The quality of education your child gets would be affected by how much individual attention he/her receives, which is why the teacher-student ratio matters.
The ECDA ratios are are:
- 1:5 for Infant (18 months and below)
- 1:8 for Playgroup (above 18 months to 30 months)
- 1:12 for Nursery 1 (children turning 3 years of age)
- 1:15 for Nursery 2 (children turning 4 years of age)
- 1:20 for Kindergarten 1 (children turning 5 years of age) and
- 1:25 for Kindergarten 2 (children turning 6 years of age).
Some centres also have teacher assistants help manage the class. It is advisable to choose a centre with a lower teacher-to-student ratio as it means your child will enjoy more individual care and supervision.
Along with enough teachers to supervise children at all times, how else does the preschool ensure its students’ safety?
With so many kids getting picked up and dropped off, is there someone managing the school entrance at all times?
Check the security on school grounds including parking lots and stairways (e.g. swing and lock gates). Be sure to know what safety measures there are for field trips.
Outside of their home, your child will be spending most of their time at school; that’s why the classroom’s setup and environment matter.
It should be a fun an inviting space that’s clean, comfortable, and conducive for learning. Colourful wall decorations such as calendars, birthday charts, educational posters, and children’s artwork are all good signs.
Is there air conditioning, and if not, is the room cool and well ventilated with open windows and fans? Is the space brightly lit? In addition, take note of what play facilities are available, such as playground equipments (e.g., water play, sand box, slides, etc.), and whether they attractive, clean and in good condition.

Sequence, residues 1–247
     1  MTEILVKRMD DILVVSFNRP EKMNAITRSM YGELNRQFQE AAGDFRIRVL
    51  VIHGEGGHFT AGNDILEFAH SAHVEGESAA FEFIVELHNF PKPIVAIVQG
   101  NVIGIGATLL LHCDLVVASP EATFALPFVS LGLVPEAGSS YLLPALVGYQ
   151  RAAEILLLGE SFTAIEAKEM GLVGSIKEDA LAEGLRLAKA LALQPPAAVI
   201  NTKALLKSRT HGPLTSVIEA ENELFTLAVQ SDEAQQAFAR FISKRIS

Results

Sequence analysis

Research shows that regular exercise benefits children’s physical and cognitive development, from boosting their immune system to enhancing their mood and memory.
When deciding on the best preschool for your child, consider what physical activities are available, as well as the duration and frequency of outdoor play and physical activities.
Young kids seem full of energy anyway, so choose a school that helps them burn some off.
Misbehaviour and Discipline
Other than asking both the principal and teachers how children’s misbehaviours are handled in class, be sure to observe a class in session and speak to parents of current students as well.
How do teachers deal with disagreements among pupils, if hitting or biting occurs, if a child refuses to nap, or if someone throws a tantrum? How does the teacher intervene when conflicts arise?
While physical punishment is not allowed in pre-schools, ask what specific forms of discipline is carried out (e.g., time-outs).
Hygiene and Cleanliness
While touring preschools in Singapore, pay attention to how well the facilities are maintained, especially in areas such as the toilets and shower rooms. A
sk how often the toys are cleaned and sanitised, and what measures the school takes to prevent at the spread of illnesses such as HFMD.